Don’t shy away from describing research failures in your personal statement. Rather, highlight how these challenges made you better and more motivated to succeed. The admissions committee cares less about the number of techniques you have learned than the scientific processes you have undertaken.

In your application, focus on why the scientific question was important, how you chose to investigate the problem and what you learned about the topic (and yourself) through this experience. The ability to choose a technique will be learned during graduate school training, but curiosity cannot be taught. It is critical that you convey your motivations in your personal statement.

Also, be sure to use your personal statement to convey your research interests for the future. The admissions committee is trying to identify individuals whose interests align with the interest of the faculty in the program. Studying different graduate programs will enable you to represent your interests appropriately. 

Imagine that you are a reviewer with two applications in front of you. One of them describes the burning desire of the applicant to perform studies that are not well represented at the institution. The other describes how the research of eight faculty members at the institution sounds amazing and meshes well with the applicant's interests, history and goals. How would you react? The reviewer will be more inclined to select the individual who took the time to ensure that the program is indeed a good fit and can articulate his or her reasoning.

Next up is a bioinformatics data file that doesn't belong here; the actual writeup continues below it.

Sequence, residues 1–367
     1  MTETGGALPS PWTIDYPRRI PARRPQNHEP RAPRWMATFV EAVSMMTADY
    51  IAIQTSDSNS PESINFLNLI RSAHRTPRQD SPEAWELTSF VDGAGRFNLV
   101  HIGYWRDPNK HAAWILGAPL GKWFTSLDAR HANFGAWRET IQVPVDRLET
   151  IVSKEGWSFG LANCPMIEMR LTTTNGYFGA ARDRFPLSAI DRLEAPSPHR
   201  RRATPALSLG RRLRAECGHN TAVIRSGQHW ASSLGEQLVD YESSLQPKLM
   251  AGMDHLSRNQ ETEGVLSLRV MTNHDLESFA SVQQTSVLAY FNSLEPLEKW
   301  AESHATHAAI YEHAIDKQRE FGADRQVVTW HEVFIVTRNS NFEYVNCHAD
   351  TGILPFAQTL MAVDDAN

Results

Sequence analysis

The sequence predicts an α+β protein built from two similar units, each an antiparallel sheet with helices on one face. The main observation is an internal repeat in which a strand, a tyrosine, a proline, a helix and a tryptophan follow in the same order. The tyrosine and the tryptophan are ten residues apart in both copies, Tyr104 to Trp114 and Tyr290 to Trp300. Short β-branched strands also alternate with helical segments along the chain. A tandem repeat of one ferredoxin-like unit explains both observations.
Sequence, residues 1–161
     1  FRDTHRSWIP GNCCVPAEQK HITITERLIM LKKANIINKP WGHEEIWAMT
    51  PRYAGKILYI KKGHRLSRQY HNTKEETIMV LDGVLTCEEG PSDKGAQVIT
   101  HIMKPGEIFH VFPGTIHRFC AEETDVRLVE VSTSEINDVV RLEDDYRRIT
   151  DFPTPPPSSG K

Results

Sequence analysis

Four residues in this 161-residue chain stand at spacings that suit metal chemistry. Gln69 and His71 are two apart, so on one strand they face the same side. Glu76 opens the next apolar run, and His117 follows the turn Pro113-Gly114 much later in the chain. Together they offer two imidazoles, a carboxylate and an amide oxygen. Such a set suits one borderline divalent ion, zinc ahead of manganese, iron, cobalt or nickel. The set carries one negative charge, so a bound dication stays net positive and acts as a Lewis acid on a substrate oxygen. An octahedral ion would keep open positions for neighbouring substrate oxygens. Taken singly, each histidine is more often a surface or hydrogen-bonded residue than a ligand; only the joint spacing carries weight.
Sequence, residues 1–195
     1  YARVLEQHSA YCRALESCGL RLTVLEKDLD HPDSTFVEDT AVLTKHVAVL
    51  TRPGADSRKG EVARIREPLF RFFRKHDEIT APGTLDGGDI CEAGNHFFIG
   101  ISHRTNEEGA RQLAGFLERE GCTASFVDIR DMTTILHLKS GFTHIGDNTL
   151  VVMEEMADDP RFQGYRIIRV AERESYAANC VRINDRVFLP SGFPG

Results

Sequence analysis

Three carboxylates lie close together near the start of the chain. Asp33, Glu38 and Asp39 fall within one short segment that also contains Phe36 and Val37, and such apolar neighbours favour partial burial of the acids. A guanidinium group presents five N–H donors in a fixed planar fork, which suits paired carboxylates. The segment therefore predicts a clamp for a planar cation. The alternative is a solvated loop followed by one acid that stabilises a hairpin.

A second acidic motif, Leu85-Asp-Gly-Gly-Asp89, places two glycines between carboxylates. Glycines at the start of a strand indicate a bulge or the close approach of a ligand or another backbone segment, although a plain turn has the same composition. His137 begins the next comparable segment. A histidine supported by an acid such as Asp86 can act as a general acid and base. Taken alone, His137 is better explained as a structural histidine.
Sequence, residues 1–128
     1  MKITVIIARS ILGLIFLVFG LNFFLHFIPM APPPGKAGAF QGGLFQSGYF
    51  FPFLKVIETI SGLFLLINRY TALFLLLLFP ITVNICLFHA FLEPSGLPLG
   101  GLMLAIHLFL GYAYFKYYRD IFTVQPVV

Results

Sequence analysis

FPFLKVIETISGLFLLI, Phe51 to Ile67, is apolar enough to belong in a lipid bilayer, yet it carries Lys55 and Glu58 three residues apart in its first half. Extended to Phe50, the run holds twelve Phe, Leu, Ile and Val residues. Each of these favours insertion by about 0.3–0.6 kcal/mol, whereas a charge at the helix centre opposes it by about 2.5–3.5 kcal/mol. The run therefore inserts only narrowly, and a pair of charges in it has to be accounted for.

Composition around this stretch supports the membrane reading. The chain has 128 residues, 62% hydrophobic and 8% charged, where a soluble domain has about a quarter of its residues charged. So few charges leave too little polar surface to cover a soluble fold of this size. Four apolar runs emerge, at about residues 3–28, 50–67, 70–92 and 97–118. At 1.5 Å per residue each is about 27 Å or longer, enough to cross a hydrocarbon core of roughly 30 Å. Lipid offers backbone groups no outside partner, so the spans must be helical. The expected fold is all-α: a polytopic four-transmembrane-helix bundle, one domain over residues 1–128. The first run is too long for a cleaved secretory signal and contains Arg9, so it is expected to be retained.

Before you send your personal statement, write multiple drafts until you feel your words represent who you are, what you have accomplished and what you want to do in the future. Then ask someone who knows you well to read it and tell you whether you described the real you.  

The interview: a two-way street

The final component of the application process is the interview. You have an opportunity to learn more about the program you investigated, and you get a chance to understand what life as a graduate student in the program is like. 

The interview is a two-way street. Be prepared to be more explicit about your motivations, your research experiences and your research interests. But also be prepared to explore whether the graduate program is the right fit for you by coming up with appropriate questions based on your homework about the program.  

Graduate school is a stepping-stone, not a destination

Graduate school is a stepping-stone in your career. With curiosity, resilience, resourcefulness and hard work, you will be able to succeed wherever you choose to pursue your studies. If you encounter multiple programs that are great fits, start considering other parameters. When you encounter programs that are not a good fit, ignore those and don’t look back. Even if you delay graduate school for a year or so while you identify the best program for you (of course enhancing your research portfolio in the interim), this will be time well spent in the long run.

David Katzmanni David Katzmann is a consultant, associate professor and graduate program director for biochemistry and molecular biology at the Mayo Clinic, Rochester. 

A longer version of this article first appeared in Enzymatic, ASBMB’s undergraduate newsletter.